November 11, 2020

My question is to the Minister for International Development and the Pacific and it relates to the aid program. Overseas development assistance is a key part of Australia's foreign policy. It's the way we support economic, social and human development. It's the way we help the poorest people in the world to climb out of destitution and despair. In a region where millions of people still live in extreme poverty it is also in Australia's national interest to strengthen our commitment to development. Development means greater prosperity, security and stability in our region.

The coronavirus pandemic makes the aid program more important than ever. Many countries in our region have poorly resourced health systems that have struggled to cope with the pandemic. Many countries in our region have also been hit hard by the economic fallout from COVID-19, particularly our Pacific neighbours who rely heavily on tourism. The World Bank has estimated that COVID-19 will push an extra 88 to 115 million people around the world into extreme poverty in 2020 alone. Extreme poverty means surviving on less than US$1 a day.

The pandemic has reversed 20 years of progress in global poverty reduction. That throws into stark relief the fact that this Liberal government has cut $11.8 billion from Australia's aid budget since it came to office in 2013—$11.8 billion in cuts. Those cuts have hurt some of the poorest people in the world and they've been contrary to Australia's national interests. The cuts have fallen heavily on countries in South-East Asia. The government has cut bilateral aid to Indonesia from $551.9 in 2014-15 to $255.7 million in 2021, a cut of 54 per cent. It has cut bilateral ODA for Cambodia, Myanmar, Laos, the Philippines and Vietnam by 44 per cent since 2014-15.

I do acknowledge that the budget provided $304.7 million over two years to help Pacific countries to recover from the impacts of COVID-19. I also acknowledge the minister's announcement after the budget of $500 million over three years to support access to COVID-19 vaccines in the Pacific and South-East Asia. Labor welcomes these measures. These are good measures, but the truth is they are a drop in the ocean following the government's $11.8 billion in cuts. The extra $805 million for development assistance represents only one per cent of the budget's $71.3 billion in new payment measures—one per cent. The ministers have said this funding will be a temporary increase, rather than an ongoing increase, to the aid budget.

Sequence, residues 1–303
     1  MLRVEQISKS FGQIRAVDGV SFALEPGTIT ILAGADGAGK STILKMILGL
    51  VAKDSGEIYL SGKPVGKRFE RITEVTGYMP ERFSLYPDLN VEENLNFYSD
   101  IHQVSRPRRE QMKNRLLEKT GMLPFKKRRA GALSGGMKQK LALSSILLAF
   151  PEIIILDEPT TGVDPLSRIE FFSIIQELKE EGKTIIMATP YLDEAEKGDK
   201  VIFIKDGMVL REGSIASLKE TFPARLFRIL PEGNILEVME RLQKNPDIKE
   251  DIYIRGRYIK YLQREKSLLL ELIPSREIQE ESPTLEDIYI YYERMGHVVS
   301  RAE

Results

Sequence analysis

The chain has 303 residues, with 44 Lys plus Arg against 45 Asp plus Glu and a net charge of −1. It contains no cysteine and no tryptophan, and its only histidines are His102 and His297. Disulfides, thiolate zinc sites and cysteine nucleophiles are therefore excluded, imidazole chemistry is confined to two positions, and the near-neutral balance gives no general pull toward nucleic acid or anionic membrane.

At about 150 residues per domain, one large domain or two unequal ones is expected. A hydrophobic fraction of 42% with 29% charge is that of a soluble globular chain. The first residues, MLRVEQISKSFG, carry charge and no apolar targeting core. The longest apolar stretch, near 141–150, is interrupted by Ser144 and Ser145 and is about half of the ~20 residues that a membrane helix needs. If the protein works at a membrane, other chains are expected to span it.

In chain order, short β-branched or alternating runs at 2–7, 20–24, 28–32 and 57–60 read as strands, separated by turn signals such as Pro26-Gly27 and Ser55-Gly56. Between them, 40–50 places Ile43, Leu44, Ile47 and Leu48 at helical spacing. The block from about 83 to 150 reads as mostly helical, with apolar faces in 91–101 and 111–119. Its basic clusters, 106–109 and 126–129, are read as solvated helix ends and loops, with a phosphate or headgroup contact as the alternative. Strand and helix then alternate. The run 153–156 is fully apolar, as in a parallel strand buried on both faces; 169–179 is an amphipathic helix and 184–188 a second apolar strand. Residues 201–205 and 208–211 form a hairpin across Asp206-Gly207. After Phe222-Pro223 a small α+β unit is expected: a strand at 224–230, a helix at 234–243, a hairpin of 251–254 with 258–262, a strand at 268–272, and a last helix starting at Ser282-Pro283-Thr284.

An important issue for the development program is the need to evaluate whether aid investments are achieving the desired outcome and represent value for money. Minister Payne and Minister Hawke have used the pandemic as cover to dismantle the aid performance framework. They've systemically removed key elements of the performance framework for ensuring that our $4 billion aid program is performing effectively. They have abolished the office of development effectiveness, the agency introduced by Alexander Downer to conduct rigorous and independent evaluations of aid projects. They have scrapped the performance of Australian aid report, the independently verified annual report card on the aid program which was introduced by Julie Bishop. They are no longer are publishing annual aid program performance reports, which report whether Australia, as a major country in regional aid programs, are meeting their performance benchmarks. They have even abandoned Julie Bishop's strategic target of ensuring 80 per cent of the Australia's aid investments address the gender equality issues—a curious decision by Minister Payne given since she is also the Minister for Women.

They government has not met the gender target in any year since it was set back in 2014. Instead of stepping up the focus on gender issues, these ministers responded by dropping the target. One can wonder whether that was the motivation to drop the target, the systematic underperformance and inability to hit the gender target. This dismantling of the performance framework has been carried out secretively with no public announcements and no consultation with stakeholders, all under the cloak of reshaping the ODA program in response to COVID-19.

These changes represent a massive erosion of accountability and transparency.

Having cut the aid program by $11.8 billion, these ministers are now scrapping the key mechanisms which have ensured our aid dollars are spent effectively. Taxpayers can no longer be confident that the $4 billion aid program represents value for money and delivers real outcomes. My questions to the minister are: when will this government provide an ongoing boost to the aid budget? Why has the minister dismantled the entire aid performance framework? Why has the Pacific Step-up resulted in a step-down everywhere else?